Michael Chiklis and David Rees Snell

"I was too good," boasts that brutal bear of a crooked cop Vic Mackey, confessing his multitude of sins, a bloody litany of corrupt bravado that has kept us riveted for seven all-too-brief seasons of The Shield, FX's darker-than-dark breakthrough crime melodrama.

By "good," Vic means bad — to the last drop, the last gripping scene, as The Shield hangs up its tarnished badge forever (Tuesday, Nov. 25 at 10 pm/ET). No Sopranos-style blackout, thankfully. This is how it all really truly ends, not with arty ambiguity but in a climactic crescendo of betrayals and reversals, with tragedy, bitter irony and gut-wrenching suspense.

There are so many conflicting emotions as we watch 2008's most sensational TV finale. The Shield is the sort of show you never want to end, and yet you desperately need to see how it turns out for Vic (the fearlessly pugnacious Michael Chiklis) and his Strike Team enforcers Shane and Ronnie, as well as their considerably less venal but no less memorable police coworkers in the Barn: Claudette, Dutch, Danny. Special kudos here to Walton Goggins as the desperately unlucky Shane, in these final chapters on the lam with wife Mara as hapless Bonnie-and-Clod fugitives from justice.

From its first episode in 2002, when Vic got away with murder — of a fellow detective! — The Shield boldly declared that basic cable was taking on HBO with boundary-busting drama of shockingly edgy intensity. Rescue Me, Nip/Tuck and Damages followed, but The Shield was FX's signature triumph, a blistering study of a great cop gone rotten in an urban moral cesspool of racial and political chaos.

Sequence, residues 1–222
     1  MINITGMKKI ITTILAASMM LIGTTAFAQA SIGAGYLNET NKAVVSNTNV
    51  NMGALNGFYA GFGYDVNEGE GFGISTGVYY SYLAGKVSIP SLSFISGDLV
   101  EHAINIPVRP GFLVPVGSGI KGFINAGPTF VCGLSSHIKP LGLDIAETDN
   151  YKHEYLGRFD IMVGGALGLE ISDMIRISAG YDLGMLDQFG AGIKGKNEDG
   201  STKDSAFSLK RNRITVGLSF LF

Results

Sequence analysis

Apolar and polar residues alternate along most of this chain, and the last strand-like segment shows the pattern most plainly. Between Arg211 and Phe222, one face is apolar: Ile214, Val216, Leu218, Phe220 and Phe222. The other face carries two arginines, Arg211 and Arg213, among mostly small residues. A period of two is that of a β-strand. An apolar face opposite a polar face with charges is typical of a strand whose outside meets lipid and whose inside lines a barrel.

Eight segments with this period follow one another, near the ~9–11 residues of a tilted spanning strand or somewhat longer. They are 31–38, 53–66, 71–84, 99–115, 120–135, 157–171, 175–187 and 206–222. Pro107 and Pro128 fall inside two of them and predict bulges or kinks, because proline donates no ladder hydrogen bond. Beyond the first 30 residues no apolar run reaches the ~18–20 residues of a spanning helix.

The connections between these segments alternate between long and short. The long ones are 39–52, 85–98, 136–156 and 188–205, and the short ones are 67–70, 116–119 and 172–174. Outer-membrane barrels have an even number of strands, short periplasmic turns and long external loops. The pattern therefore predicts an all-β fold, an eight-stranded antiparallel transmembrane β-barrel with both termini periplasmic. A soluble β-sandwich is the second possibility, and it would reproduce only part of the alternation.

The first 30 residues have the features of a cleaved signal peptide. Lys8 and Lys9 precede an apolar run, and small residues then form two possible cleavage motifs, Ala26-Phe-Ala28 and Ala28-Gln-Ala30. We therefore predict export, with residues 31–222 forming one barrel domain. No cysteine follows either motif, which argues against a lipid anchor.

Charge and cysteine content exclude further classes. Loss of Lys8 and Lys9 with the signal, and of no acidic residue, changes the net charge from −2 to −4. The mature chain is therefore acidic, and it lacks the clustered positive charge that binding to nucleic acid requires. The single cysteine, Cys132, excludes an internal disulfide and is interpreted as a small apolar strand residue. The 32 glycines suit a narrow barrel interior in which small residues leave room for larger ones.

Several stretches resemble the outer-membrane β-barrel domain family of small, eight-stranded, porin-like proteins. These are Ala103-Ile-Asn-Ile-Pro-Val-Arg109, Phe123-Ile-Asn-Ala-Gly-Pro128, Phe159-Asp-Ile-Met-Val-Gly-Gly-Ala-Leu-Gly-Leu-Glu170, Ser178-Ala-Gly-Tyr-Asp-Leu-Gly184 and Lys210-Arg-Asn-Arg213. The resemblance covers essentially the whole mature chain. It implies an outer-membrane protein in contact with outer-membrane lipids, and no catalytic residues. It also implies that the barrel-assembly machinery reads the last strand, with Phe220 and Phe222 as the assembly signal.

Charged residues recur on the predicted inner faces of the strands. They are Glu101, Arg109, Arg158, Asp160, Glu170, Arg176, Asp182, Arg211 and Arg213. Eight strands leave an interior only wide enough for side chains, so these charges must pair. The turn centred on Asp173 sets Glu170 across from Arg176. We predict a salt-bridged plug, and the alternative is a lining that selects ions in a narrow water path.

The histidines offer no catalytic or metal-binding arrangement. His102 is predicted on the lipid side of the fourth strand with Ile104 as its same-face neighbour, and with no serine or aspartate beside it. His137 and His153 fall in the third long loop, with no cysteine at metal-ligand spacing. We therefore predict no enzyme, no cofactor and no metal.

You'll have to watch to see if and how Vic gets his comeuppance, but once it's over, you're likely to sit back, stunned and exhausted, and say: "The Shield was too good."

Britz: When Terror Hits Home
War, religion, politics and family — hard to imagine a more toxic, volatile brew. Britz, a two-part British thriller that's as timely as it is terrific, immerses the viewer with painstaking detail into the life of a Muslim family torn apart in post-9/11 London.

Law student Sohail (Riz Ahmed) considers himself a patriot and is recruited into the understaffed, disorganized MI5 spy agency. Meanwhile, his med-student sister Nasima (Manjinder Virk), far less forgiving of Western society's bigotry and oppression, becomes alienated from family and country in the most deadly fashion.

Chilling yet compassionate in its empathy, even for those traditionally seen as villains, Britz interweaves the siblings' narratives with an escalating sense of dread, a feeling that no peacekeeper (not even 24's Jack Bauer) could make things right between them.